“A lion is called a ‘king of beasts’ obviously for a reason.” – Jack Hanna As a kid, I had an odd disliking for The Lion King. Sure, perhaps I thought it was fine the first time through, but it … Read more
“Arabs are the most maligned group in the history of Hollywood. They’re portrayed basically as subhumans.” – Dr. Jack G. Shaheen During the cinematic reckoning I underwent in my undergraduates years, one of the films that impacted me the most … Read more
Dead men tell no tales. Neither do movies on the fifth go-around, apparently. However, the latest installment in Disney’s goldmine franchise proved two things. One, that a return to the glory days of Pirates, while somewhat repetitive, was necessary and long past due. Two, Orlando Bloom, even with a barnacle-encrusted face, can never look bad.
Beauty and the Beast may be timeless, but Disney’s latest revamp of the “tale as old as time” is steeped in special effects and themes of the 21st century.
This reimagined live-action Beauty and the Beast, under the eager direction of Bill Condon, features a cast of enchantingly detailed CGI furniture, an impressive new soundtrack, and Disney’s first (debatably) openly gay character, all while taking place in 18th century France. The film retains the roots of the story we all love and know while stamping it with a modern style of its own.
As of December 28, 2016 here are the top ten movies at the box office (worldwide) for movies that were released in 2016: #1 – Captain America: Civil War with $1,153 billion in box office #2 – Finding Dory with … Read more
[rating=3]Starring: John Goodman, David Spade, Patrick Warburton, Eartha Kitt Director(s): Saul Andrew Blinkoff, Elliot M. Bour Writer(s): Screenplay by David Reynolds; Story by Chris Williams, Mark Dindal, Roger Allers, Matthew Jacobs
The Emperor’s New Groove was one of those handful of Disney movies in recent years that I’ve seen in the theaters. I wasn’t really expecting much from it, because it’s been a while since I was all that impressed by Disney’s animated films. I was actually pleasantly surprised, because the film was pretty funny, with some outstanding animation work and memorable characters.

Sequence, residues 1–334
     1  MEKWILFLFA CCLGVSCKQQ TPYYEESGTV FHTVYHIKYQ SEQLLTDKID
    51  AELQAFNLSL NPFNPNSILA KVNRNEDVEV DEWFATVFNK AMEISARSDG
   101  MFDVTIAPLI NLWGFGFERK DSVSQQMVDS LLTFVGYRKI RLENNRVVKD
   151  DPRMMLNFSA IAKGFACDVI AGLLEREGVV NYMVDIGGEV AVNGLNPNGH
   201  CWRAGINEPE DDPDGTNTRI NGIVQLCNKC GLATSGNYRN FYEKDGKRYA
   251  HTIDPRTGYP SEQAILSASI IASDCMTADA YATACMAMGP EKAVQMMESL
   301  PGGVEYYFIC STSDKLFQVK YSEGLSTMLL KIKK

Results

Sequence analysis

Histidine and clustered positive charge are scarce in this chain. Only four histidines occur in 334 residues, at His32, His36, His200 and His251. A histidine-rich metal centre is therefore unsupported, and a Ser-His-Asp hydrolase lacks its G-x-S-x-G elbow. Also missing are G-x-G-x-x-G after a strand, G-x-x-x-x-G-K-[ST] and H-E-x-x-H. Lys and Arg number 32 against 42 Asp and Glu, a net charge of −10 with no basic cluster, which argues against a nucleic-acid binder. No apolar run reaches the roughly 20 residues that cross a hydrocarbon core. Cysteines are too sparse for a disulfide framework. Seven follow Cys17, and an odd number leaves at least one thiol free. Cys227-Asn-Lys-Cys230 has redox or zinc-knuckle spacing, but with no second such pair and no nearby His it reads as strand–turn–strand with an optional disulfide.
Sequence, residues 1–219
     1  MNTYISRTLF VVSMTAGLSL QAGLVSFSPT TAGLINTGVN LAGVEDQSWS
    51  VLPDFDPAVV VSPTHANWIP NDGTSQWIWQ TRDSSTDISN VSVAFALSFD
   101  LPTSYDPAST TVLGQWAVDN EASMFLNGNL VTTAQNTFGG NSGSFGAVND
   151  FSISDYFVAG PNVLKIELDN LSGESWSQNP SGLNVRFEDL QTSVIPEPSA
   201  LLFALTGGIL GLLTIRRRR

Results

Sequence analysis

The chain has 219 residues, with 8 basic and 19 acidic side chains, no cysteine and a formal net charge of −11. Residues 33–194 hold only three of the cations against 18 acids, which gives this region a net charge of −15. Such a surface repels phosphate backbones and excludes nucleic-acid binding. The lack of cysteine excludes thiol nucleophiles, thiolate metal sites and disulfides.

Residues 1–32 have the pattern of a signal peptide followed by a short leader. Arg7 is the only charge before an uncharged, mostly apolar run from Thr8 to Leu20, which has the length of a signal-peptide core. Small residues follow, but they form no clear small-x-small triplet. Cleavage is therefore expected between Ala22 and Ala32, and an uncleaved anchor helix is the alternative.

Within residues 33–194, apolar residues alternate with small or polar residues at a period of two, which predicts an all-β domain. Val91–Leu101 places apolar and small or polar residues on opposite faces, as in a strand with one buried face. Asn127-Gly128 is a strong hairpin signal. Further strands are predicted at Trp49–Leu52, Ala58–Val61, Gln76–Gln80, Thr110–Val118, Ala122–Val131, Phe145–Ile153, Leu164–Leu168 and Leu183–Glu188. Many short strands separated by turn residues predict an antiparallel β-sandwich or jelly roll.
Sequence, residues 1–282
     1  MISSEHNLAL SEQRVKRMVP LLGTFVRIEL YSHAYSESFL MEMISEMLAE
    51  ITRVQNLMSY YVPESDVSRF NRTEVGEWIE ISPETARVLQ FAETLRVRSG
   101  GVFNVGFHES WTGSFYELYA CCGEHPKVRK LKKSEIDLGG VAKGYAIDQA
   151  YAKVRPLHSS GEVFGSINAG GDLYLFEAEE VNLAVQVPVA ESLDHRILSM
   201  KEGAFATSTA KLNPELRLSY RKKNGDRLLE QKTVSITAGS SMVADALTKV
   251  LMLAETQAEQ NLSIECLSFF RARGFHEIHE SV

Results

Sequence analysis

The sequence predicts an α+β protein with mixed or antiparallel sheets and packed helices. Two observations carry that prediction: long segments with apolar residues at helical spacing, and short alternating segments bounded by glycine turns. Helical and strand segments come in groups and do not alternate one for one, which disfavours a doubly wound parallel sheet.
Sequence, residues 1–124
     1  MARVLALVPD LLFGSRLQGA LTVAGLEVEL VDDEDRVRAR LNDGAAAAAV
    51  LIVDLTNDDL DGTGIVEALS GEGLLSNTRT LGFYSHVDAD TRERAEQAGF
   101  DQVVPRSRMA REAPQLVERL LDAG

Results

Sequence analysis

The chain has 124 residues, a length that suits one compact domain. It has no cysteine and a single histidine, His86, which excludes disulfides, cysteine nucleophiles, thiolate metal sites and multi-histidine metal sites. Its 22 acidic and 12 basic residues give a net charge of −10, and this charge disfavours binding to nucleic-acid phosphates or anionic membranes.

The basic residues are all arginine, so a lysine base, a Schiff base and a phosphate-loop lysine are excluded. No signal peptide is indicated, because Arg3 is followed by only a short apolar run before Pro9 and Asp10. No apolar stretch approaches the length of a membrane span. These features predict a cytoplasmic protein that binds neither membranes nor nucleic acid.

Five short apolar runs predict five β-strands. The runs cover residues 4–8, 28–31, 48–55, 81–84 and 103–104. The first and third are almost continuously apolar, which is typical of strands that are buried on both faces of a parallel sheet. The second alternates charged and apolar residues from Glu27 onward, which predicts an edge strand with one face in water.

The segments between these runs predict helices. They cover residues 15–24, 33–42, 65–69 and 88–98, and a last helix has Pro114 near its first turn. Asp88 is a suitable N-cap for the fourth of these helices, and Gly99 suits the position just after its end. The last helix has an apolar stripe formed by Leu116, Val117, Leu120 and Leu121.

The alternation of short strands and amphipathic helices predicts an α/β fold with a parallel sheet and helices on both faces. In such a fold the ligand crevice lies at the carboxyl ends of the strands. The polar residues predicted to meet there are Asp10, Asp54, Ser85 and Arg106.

The story has a spoiled young emperor named Kuzco (David Spade), and a peasant named Pacha (John Goodman) in whose care Kuzco winds up after a failed assassination attempt turns him into a llama. This brat of an emperor must then rely on the kind-hearted Pacha to regain power, and ultimately save Pacha’s village from destruction.
[rating=3]Starring: Dakota Fanning, Tia Carrere, Chris Sanders, Jason Scott Lee, Holliston Coleman, Jillian Henry, Kevin McDonald, Liliana Mumy, David Ogden Stiers Director(s): Michael LaBash, Anthony Leondis Writer(s): Anthony Leondis, Eddie Guzelian, Alexa Junge, Michael LaBash
Before I sat down to watch Lilo & Stitch 2: Stitch has a Glitch, I had to take the time to watch the original film. I wanted to get a sense for the originals of all the characters and how they ended up together. I have to say, this series of film is probably one of the most original things to come out of Disney in years.
[rating=4]Starring: Featuring the voices of Peter Behn, Paula Winslowe, Bobby Stewart, Cammie King, Donnie Dunagan, Hardie Albright, John Sutherland, Sam Edwards, Sterling Holloway, Ann Gillis Director(s): David D. Hand Writer(s): Perce Pearce and Larry Morey
I believe the last time I had seen Bambi, I was five years old and saw it during a re-release or special screening. It was probably the first time I had seen the movie, as well. So, when I was sent the upcoming special edition DVD — which is set to hit stores on Tuesday — it was as if I was seeing the film for the first time.
First and foremost, I’ve repeatedly been impressed with the DVDs Disney has put out of its most treasured classics. They really are shining examples of how films should be released (and I’m not just saying that because I get advanced peaks at these DVDs). And this “platinum edition” of Bambi is probably the single best release of a classic Disney film yet.
Starring: Mickey Mouse, Donald Duck, Goofy, Chip and Dale
I think it’s probably safe to say that the animation industry would not exist without Walt Disney. Say what you want about the company, it’s politics or whatever, it established the standard by which all animation films and shorts have been judged.
And the characters who helped set those standards are Mickey Mouse, Donald Duck and Goofy. Those three iconic figures grew beyond the two-dimensional drawings they are into pop culture standards. But it always seems to me that Disney has shied away from using these cartoon greats too often. It’s been years since any of them have been seen on the big screen. The closest we have is Goofy, who made his most recent big screen appearance along side his son.
[rating=2]Starring: Pluto, Mickey Mouse, Donald Duck, Goofy, Minnie Mouse Company: Disney
The evolution of Pluto differs from the other famous Disney icons, in that the character didn’t change in appearance too much, and he’s the only character that doesn’t speak.
To be honest, I was never a big fan of the Pluto cartoons. The strange part of watching this collection, unlike the Mickey Mouse one I reviewed earlier this week, was that I had actually seen many of these cartoons. I started from the beginning, watching “Chain Gang”, which is considered Pluto’s first appearance, even though it’s not really him. Since Disney approaches these characters as if they were real people, it’s been generally accepted that Pluto made his first appearance in that short as two different bloodhounds. It wasn’t until a few shorts later in “Moose Hunt” — which is on the Mickey in Black & White: Vol. 2 DVD set — that Pluto actually got his name, and only then does he begin to fill the role he is famous for — as Mickey’s loyal sidekick.